Created for Prohibition a Century Ago, These Sodas Are Still in Our Rotation
A century after Prohibition started, we’re still enjoying the sodas created to keep one giant Portland brewery up and running.
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As we cruise into the Dry January, let’s look back at a time when sobriety wasn’t just a health choice; it was the law. January 17, 2020 marked the centennial of when the Eighteenth Amendment, better known as Prohibition, was passed in the United States. And one product borne of that movement is still available more than 100 years later—and it’s absolutely delicious.
It’s worth noting that Prohibition started early in a few places, Oregon being one of them. The temperance movement (initiated by religious do-gooders as well as some women who were probably very tired of getting knocked around by their inebriated husbands) had been blamed for stalling women’s suffrage for decades. And justifiably so—very often, the same women were on both the temperance and suffrage campaigns, fighting for parallel causes. Using her newspaper The New Northwest, journalist Abigail Duniway led the march for both temperance and women’s right to vote, and after years of rallying, she succeeded at the latter in 1912. She gained Oregon women the right to vote eight years before the rest of the nation — a right which they promptly exercised by voting in a complete ban on alcohol two years later, even though Duniway herself was ardently opposed to Prohibition, proclaiming that “Prohibition and liberty could not possibly pull together.” To the chagrin of liquor dealers, alcoholics, and general merrymakers across the state, Oregon’s Prohibition began five years before the Eighteenth Amendment was passed.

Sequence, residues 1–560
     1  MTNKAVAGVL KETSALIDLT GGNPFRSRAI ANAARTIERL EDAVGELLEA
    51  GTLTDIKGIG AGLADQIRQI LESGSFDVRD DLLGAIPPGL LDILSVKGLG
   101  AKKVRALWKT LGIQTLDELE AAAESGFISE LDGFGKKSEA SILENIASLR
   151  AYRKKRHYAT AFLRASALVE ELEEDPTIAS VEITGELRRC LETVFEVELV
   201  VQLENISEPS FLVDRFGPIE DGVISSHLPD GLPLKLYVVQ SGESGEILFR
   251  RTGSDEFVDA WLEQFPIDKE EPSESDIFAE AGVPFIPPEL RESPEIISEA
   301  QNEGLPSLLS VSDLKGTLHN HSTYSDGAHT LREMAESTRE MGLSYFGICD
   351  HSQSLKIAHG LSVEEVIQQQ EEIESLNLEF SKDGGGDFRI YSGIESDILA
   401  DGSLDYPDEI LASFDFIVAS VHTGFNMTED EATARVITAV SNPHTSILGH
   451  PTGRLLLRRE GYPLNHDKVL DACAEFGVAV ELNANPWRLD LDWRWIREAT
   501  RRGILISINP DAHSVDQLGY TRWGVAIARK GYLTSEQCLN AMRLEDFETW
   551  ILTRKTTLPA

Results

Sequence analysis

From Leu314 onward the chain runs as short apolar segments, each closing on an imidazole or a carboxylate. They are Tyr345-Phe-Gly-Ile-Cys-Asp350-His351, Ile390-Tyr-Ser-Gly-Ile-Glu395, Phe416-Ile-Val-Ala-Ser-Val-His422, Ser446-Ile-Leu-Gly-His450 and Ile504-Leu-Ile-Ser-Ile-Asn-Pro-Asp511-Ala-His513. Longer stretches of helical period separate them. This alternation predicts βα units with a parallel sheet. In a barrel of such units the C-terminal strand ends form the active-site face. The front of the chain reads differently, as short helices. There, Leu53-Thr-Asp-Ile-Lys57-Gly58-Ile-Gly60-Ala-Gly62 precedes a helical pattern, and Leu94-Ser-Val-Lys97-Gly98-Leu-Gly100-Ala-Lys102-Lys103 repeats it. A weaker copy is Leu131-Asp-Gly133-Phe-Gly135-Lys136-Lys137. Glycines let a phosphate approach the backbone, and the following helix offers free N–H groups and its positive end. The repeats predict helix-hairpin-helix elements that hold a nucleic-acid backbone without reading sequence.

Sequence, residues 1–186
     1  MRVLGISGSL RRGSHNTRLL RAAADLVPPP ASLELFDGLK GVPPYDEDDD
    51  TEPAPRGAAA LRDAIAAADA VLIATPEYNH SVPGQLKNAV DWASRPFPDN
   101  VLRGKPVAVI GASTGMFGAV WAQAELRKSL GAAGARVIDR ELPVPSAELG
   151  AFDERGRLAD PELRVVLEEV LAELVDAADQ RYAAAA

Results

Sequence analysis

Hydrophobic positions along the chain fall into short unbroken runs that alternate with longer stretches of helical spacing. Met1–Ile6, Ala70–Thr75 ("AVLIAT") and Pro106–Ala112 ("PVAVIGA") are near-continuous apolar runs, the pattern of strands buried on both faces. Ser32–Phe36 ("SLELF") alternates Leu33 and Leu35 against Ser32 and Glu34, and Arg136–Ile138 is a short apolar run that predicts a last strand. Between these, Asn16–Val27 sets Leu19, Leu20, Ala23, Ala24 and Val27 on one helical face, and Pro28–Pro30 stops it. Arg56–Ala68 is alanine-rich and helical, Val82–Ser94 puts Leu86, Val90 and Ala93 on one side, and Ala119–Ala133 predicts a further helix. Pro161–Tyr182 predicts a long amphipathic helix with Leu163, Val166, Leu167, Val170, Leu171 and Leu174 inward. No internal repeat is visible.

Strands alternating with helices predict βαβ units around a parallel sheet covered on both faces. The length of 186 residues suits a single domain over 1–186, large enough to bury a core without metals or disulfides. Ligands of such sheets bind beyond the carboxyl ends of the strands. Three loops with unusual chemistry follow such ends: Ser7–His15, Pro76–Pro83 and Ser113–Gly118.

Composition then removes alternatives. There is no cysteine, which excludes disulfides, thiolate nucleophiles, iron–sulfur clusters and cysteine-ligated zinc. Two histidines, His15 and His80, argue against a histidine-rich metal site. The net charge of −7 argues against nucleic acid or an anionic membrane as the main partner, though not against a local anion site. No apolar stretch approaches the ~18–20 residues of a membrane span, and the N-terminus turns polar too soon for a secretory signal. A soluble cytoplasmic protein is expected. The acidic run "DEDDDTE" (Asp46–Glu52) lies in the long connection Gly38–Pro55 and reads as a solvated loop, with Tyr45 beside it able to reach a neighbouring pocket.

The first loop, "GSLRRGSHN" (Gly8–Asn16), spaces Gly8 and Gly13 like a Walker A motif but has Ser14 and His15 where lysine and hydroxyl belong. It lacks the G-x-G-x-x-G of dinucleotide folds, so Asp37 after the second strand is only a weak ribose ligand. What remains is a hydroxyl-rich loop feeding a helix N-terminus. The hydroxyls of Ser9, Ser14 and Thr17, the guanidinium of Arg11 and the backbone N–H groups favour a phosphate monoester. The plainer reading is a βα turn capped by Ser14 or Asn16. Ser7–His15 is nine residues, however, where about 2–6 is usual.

The Pacific Northwest’s foremost beer baron, Henry Weinhard, had died 20 years prior, but his five-city-blocks-large Portland brewery was still bustling. Once the plug was pulled on beer, they had to switch gears quickly in order to stay afloat. And they did so by bottling soda instead of beer.
Soon, Weinhard’s Brewery was cranking out a variety of refreshing soft drinks—draught root beer and cream soda and “healthful thirst-quenchers with the glorious flavorings of the West’s finest fruits.” These sodas, which were billed as “safest for the children,” were sold under the Luxo, Toko, Appo, and R. Porter brand names, and came in a wide range of flavors such as strawberry, lemon, pineapple, sarsaparilla, and ginger ale. The R. Porter brand in particular had its own flavors, which were distinguished by the “-port” suffix: graport, loganport, apport, and orangport. They even sold fruit syrups for making sodas at home. These “non-intoxicating” products were relatively successful, but the brewery nonetheless sold its malt house and merged with Blitz in 1928 so the two breweries could better divide the labor of brewing, bottling, and shipping while they waited out Prohibition.
By the time they were sold off to Miller Brewing Company and unceremoniously shuttered in 1999 (despite healthy finances and 130 years of history), Weinhard’s was the oldest continuously operating brewery in the West. If you ever want a taste of the dry days, their root beer and cream soda are still available.
Portions of this story were excerpted from Heather Arndt Anderson’s book, Portland: A Food Biography.